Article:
This weekend is the last chance to visit the International Antiquarian Book Fair in Boston. Included are a collection of Bonnie and Clyde photos and an illustrated letter from Alexander Graham Bell to his parents describing problems with his phone invention.
“Even weeks after its publication, no one agrees on What Happened and Clinton’s ability to assess her own past. But in post-truth America, the truth that becomes history may well be decided by star-rating.” The Guardian considers how Amazon reviews became the new battlefield of US politics. Namechecked in the piece: Nancy MacLean, whom we interviewed about her new book, Democracy in Chains: The Deep History of the Radical Right’s Stealth Plan for America, here.
You may have heard that our own Bill Morris has a new book on shelves. He talked about it with fellow Millions staff writer and California author Edan Lepucki. At the LARB, Diana Clarke reviews the book, which she calls “a sharp critique of the contemporary American post-racial narrative,” among other things.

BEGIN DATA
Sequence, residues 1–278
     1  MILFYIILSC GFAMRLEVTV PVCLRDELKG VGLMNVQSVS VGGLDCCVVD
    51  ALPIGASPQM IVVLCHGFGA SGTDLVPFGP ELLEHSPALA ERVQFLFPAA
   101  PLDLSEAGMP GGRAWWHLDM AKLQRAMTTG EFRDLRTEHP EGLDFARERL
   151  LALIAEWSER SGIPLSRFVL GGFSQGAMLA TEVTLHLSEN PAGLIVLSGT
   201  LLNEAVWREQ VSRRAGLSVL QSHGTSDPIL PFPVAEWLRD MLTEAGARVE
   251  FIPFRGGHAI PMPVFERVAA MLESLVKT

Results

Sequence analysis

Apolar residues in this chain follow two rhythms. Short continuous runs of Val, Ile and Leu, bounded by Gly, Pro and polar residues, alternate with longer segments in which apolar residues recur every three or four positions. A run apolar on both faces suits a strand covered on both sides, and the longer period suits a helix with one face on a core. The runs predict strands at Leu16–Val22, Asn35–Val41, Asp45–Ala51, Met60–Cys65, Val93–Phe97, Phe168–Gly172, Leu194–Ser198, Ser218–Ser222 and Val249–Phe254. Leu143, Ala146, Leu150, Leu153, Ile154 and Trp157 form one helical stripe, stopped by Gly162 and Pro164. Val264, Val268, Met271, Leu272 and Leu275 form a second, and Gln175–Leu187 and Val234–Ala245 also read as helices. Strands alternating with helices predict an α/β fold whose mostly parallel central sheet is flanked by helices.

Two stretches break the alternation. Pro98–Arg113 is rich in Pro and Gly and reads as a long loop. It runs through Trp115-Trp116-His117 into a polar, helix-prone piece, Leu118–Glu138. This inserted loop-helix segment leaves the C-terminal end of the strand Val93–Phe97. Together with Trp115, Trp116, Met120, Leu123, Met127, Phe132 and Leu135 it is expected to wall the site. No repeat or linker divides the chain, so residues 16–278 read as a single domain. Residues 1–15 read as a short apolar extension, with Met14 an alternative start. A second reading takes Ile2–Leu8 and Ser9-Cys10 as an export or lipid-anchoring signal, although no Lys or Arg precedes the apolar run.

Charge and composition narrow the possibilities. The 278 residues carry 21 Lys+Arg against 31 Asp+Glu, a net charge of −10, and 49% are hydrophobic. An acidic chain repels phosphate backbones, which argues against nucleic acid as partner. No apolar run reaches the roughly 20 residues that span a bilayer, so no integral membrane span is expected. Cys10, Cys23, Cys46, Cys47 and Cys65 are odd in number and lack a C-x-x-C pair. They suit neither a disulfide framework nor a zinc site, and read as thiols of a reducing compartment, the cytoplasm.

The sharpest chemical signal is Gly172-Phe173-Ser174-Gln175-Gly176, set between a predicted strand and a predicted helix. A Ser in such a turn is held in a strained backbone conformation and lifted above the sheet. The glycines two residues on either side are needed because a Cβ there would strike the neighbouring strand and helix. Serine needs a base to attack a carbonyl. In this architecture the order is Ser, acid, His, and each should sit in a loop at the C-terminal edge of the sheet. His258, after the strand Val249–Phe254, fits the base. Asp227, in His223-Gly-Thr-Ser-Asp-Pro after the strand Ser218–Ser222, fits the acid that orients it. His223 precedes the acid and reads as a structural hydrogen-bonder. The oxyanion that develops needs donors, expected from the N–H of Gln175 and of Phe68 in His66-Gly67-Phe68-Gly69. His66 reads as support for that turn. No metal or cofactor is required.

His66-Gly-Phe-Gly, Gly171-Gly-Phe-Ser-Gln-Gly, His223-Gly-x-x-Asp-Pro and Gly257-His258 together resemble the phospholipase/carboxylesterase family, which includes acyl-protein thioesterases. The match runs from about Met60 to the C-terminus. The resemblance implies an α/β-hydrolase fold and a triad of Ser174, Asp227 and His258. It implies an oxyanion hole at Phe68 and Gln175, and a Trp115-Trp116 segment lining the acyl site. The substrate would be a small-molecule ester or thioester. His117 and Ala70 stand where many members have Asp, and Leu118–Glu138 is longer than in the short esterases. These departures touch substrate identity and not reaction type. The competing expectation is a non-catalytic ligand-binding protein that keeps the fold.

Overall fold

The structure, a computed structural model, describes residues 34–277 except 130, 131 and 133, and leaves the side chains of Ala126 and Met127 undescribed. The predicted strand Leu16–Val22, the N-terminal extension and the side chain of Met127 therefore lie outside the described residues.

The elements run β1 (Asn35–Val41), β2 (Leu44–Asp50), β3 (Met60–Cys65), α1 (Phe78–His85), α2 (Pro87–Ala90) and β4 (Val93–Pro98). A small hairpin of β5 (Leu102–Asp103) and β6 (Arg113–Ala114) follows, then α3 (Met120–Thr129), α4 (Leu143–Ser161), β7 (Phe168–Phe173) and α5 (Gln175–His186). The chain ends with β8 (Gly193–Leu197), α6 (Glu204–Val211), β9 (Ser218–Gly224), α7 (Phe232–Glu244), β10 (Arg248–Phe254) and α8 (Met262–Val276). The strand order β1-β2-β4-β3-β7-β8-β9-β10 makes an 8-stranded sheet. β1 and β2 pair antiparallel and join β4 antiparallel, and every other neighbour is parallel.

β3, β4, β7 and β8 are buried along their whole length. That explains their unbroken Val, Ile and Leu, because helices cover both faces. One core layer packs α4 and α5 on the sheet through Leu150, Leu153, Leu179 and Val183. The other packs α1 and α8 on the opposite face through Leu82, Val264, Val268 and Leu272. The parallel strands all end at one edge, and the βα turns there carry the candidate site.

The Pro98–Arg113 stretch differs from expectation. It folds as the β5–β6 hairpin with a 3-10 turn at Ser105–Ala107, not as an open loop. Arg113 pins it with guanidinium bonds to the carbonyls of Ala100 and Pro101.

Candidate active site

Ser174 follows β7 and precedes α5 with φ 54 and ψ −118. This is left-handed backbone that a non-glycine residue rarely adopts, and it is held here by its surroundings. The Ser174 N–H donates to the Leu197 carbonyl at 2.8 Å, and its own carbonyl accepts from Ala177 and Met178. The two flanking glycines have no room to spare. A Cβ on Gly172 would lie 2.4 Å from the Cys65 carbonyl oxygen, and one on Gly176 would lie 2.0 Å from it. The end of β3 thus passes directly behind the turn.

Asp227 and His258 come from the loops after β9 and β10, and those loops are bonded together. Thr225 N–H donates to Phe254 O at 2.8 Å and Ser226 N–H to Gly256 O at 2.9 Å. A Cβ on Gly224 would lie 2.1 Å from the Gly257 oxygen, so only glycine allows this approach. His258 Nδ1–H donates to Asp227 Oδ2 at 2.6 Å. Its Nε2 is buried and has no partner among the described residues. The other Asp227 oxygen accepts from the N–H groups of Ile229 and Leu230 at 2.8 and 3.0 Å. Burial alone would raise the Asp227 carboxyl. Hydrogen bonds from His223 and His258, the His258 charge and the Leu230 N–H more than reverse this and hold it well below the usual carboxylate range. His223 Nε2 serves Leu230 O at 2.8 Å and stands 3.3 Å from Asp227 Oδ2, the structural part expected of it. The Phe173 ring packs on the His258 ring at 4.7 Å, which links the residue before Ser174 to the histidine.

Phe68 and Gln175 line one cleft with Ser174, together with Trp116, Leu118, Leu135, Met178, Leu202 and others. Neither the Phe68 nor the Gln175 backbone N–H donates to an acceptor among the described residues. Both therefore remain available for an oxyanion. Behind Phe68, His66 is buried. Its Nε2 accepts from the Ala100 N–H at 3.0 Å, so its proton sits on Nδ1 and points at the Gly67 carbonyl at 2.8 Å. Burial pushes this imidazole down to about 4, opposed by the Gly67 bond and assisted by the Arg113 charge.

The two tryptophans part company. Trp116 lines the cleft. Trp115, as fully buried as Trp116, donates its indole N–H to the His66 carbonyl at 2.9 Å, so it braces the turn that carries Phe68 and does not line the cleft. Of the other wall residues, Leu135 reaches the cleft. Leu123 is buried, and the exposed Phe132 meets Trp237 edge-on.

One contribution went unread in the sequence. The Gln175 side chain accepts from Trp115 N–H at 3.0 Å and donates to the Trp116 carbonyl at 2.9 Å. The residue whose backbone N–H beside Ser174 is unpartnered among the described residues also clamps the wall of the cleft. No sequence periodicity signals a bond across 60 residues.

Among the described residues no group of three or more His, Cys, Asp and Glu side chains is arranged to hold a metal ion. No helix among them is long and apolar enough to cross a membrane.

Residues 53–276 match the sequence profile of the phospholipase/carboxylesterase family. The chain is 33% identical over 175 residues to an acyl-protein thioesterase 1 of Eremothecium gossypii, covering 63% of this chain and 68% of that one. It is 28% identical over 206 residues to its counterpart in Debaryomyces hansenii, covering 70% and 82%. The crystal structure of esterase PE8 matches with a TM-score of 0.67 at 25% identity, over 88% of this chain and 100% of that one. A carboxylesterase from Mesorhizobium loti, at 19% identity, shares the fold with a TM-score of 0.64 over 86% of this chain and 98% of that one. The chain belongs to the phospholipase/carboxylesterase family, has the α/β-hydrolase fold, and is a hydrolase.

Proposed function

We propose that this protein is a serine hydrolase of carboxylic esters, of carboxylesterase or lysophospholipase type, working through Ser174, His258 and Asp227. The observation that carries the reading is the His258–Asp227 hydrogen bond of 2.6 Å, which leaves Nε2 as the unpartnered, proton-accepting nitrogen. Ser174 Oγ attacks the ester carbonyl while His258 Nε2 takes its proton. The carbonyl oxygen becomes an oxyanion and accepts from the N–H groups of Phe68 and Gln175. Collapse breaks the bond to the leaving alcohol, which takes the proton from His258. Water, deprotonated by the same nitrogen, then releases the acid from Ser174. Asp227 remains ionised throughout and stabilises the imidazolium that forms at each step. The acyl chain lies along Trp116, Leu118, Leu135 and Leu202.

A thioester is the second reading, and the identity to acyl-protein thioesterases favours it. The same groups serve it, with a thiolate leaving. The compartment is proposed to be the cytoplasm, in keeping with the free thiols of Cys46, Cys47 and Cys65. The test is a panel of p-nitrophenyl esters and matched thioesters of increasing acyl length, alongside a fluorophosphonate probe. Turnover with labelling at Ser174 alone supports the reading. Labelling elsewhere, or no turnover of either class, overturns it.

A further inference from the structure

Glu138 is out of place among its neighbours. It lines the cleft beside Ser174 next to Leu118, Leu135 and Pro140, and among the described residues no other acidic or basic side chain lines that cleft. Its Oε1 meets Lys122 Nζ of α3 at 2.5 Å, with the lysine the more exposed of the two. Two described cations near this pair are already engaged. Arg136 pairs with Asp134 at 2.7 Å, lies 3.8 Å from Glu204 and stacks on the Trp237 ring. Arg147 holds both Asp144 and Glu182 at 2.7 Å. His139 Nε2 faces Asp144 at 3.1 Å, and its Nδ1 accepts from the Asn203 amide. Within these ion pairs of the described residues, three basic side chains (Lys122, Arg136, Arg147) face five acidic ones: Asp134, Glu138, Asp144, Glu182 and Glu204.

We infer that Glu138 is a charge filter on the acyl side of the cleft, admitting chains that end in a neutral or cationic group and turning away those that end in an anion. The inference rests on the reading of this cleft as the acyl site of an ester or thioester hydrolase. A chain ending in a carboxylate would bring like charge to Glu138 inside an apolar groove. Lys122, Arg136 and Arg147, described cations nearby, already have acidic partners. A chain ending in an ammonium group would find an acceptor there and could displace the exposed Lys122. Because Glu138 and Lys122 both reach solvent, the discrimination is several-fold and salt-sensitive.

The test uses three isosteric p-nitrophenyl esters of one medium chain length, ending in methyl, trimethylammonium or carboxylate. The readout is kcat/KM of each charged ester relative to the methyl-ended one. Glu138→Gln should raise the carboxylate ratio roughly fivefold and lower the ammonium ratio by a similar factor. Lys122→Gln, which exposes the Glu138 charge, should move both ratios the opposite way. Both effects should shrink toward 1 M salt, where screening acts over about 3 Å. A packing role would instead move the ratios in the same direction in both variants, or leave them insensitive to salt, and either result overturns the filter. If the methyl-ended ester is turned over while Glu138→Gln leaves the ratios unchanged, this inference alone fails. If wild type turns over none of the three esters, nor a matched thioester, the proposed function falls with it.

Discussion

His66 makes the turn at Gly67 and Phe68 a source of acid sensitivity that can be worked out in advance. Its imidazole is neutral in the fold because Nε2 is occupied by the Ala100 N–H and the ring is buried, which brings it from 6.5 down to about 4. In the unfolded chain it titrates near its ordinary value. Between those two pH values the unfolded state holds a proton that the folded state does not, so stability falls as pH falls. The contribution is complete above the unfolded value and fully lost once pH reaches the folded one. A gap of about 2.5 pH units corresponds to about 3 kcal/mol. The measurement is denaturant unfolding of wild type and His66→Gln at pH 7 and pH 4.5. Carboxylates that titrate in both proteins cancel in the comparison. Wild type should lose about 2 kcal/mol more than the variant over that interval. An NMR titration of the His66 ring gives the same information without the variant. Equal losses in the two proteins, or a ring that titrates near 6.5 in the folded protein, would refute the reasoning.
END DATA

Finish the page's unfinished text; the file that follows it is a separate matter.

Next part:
New this week stateside is buzzed-about Booker shortlister Room by Emma Donoghue. Also out: Gold Boy, Emerald Girl, a new collection by "20 Under 40" lister Yiyun Li; Sigrid Nunez's post-apocalyptic Salvation City; and a McSweeney's-published memoir Half a Life by Chang and Eng author Darin Strauss.